**Calculating the average of a group of numbers is quite simple: you sum them all up and divide by how many numbers you have. For example, the average of the number 1, 2, 3, 4 and 5 is: 1 + 2 + 3 + 4 + 5 divided by 5, because there are 5 numbers. **

You could do this in Excel by typing `=SUM(1,2,3,4,5)/5`

into a cell. But there is an easier way. You can simply use the AVERAGE function. It looks something like this:

=AVERAGE(1, 2, 3, 4, 5)

And, as with the SUM function, you can use references to cells, like **A1** or **C4** in there instead of numbers.

Use the AVERAGE function in cell **A7 **to calculate the average of the numbers in cells **A1 **through **A5**.

**Note:** You have probably noticed that both of these functions are written in all-caps. That’s just the way function names in Excel are. So it may look like I’m screaming SUM at you, but that’s just how it is written ðŸ˜‰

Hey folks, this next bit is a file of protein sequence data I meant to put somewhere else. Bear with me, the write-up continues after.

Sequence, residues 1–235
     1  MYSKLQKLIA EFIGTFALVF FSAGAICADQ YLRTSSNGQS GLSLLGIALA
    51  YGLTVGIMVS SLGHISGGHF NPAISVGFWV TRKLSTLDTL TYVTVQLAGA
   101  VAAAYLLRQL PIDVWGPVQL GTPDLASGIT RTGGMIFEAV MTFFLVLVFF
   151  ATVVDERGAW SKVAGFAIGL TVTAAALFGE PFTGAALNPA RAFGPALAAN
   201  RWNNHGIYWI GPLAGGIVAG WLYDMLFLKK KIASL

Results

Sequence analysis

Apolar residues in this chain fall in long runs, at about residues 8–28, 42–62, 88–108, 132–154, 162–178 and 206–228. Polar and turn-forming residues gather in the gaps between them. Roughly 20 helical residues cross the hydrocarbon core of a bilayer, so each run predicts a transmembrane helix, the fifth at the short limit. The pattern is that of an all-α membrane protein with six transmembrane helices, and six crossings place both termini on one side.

**Another note:** If you’re interested, we have a free Excel cheat sheet you can download here.

We think you can really benefit from it at this point in your learning.

It includes an overview of the most used keyboard shortcuts in Excel. And also a bonus worksheet of 50 popular Excel functions, with examples.

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Since you've completed the SUM exercise, this one shouldn't have been too hard. It's just a matter of using the right function and filling in the right references (or filling in the numbers directly, if you want). I hope you're getting the hang of it, these are really some of the most crucial Excel skills you're learning right now. Keep up the good work.

Fill in references to cells A1, A2, A3, A4 and A5 into the AVERAGE function in cell A7. Make sure they are separated by commas, similar to how you did it in functions before.

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